Published on October 14, 2020

00-FEATURE-A-Frame-Movie-Loft-domino Pin It
Photography by Josh Street; Design by Paul and Kristy Benson

As the country continued  to shelter in place in May, Kristy and Paul Benson moved into their dream A-frame in the Pocono Mountains. This would have been a dream scenario for the Philadelphia-based couple, save for one thing: The property they had just purchased hadn’t been updated since it was built in 1972, and they had two kids, Truett and Talula, and their cat, Tootsie, in tow. 

“It was an adventure for sure,” remembers Kristy. “The pipes burst the first time we turned the water on, and we had no appliances except for a mini fridge and a barbecue grill for the first month. We felt like we were camping.” The couple rolled up their sleeves for a speedy renovation (with the children pitching in with painting and cleaning up as much as possible), gutting everything from the basement to the kitchen. “There was so much unused room up top,” says Kristy, which led to the project they’re most proud of: a movie loft (with bonus bedroom) tucked in the eaves. 

“If you have ever stepped foot into an A-frame, you know the magical feeling of gorgeous paneled ceilings, long beams, and wide-open space,” says Kristy. Only the sky (er, the roof) was the limit.

Creating Room Out of Thin Air

A-frame bedroomPin It
Photography by Josh Street; Design by Paul and Kristy Benson

First, the couple added square footage by way of a sleeping alcove just under the roof. “We wanted to keep the integrity of the A shape while using the ceiling height in a unique way,” says Kristy. It’s where she and Paul have been sleeping during the renovation downstairs (the kids took over the master bedroom). “We have a green velvet curtain that hides behind the beams and pulls down for privacy,” she adds.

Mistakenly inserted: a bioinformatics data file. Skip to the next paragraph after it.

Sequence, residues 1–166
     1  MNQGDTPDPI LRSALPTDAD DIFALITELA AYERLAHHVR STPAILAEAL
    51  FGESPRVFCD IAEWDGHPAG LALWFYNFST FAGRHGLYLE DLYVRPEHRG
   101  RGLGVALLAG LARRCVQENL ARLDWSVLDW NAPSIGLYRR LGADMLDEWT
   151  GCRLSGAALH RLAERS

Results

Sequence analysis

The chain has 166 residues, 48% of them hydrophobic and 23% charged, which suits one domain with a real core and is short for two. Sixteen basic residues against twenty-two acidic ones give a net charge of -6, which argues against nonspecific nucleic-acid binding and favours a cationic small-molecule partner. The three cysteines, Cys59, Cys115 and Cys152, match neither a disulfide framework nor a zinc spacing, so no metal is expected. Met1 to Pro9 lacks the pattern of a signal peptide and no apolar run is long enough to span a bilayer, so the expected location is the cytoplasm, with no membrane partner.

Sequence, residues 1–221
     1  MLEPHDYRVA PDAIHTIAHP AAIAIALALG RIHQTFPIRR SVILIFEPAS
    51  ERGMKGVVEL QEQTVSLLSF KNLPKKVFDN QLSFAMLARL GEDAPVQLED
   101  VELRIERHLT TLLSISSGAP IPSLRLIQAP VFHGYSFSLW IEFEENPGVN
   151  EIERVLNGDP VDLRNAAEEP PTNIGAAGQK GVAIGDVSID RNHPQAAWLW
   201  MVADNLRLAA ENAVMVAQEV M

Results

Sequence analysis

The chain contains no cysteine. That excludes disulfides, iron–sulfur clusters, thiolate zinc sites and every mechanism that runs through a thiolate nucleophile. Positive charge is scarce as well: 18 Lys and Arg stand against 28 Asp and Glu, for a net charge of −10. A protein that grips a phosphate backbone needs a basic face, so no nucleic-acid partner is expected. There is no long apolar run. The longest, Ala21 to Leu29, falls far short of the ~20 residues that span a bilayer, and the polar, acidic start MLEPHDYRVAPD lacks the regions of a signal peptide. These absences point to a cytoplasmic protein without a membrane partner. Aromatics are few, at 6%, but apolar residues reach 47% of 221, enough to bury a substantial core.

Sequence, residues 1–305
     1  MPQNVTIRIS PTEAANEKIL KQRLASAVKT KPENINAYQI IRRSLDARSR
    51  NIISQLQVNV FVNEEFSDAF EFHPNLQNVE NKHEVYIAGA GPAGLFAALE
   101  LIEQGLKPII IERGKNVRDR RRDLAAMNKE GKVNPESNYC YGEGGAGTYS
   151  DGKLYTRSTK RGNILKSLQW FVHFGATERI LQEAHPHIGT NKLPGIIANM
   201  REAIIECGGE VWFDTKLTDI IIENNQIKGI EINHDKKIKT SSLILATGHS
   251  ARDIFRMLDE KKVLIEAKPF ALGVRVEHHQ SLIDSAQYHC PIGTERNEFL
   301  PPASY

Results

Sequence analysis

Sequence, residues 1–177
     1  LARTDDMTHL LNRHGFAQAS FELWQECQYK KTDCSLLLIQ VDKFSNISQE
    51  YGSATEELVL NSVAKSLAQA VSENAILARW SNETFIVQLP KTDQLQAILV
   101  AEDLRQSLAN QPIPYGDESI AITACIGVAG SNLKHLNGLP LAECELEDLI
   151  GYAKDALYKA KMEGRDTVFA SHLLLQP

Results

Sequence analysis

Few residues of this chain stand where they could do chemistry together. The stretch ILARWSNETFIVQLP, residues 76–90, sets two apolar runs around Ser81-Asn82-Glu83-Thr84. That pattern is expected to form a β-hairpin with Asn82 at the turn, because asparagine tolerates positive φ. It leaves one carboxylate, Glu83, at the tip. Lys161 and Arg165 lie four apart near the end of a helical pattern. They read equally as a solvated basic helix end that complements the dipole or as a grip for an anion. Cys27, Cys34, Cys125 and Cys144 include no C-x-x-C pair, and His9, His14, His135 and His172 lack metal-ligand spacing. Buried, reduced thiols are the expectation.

A-frame beforePin It
Courtesy of Paul and Kristy Benson
Bookcase stairs in a-framePin It
Photography by Josh Street; Design by Paul and Kristy Benson

Instead of a traditional staircase, the couple imagined curvy steps that would double as storage—open shelves take the place of standard risers. “We wanted something that didn’t take up too much floor,” says Kristy.

Brightening Everything Up

A-frame beforePin It
Courtesy of Paul and Kristy Benson
A-frame living roomPin It
Photography by Josh Street; Design by Paul and Kristy Benson

Because the interior was so dark (there are only windows at either end), the couple knew they needed to either paint the entire room or strip the paneling. “Although the latter option was more tedious, we wanted to keep the cabin feel intact,” says Kristy. Once the Bensons started sanding back what they thought was knotty pine, they realized the entire house was actually made of cedar. “It was a pleasant surprise since it’s naturally water-, pest-, and mold-resistant,” she adds. They painted the beams, living area ceiling, and back wall white to lighten things up even more.

Re-creating an Old-School Theater Vibe

A-frame living roomPin It
Photography by Josh Street; Design by Paul and Kristy Benson

The lower section is now an epic movie-watching spot, complete with a screen that rolls down from a beam above and a projector that’s stored in one of the round side tables when not in use. “The other table is filled with full-size chocolate bars and bags of movie theater candy,” says Kristy. A down sofa that fits the entire family was a must: Poly and Bark’s Infina modular sectional in pink fit the bill. “We all love to kick our feet up and relax, so we bought four ottomans that we tuck at the base of the loft and move over when all of us want to lounge.”

Paul and Kristy Benson with their kidsPin It
Photography by Josh Street; Design by Paul and Kristy Benson

Ceramic sconces, found on eBay, set the scene. “They remind me of typical movie theater down-lighting,” says Kristy. She paired each with DIY art she made with plywood scraps cut in Pac-Man–like shapes and topped with a joint compound for texture. “We wanted the first impression of the loft to be that this is a place where you come to get away and get lost in a good book and a cup of coffee,” Kristy explains. “We wanted something that said stay a while.” 

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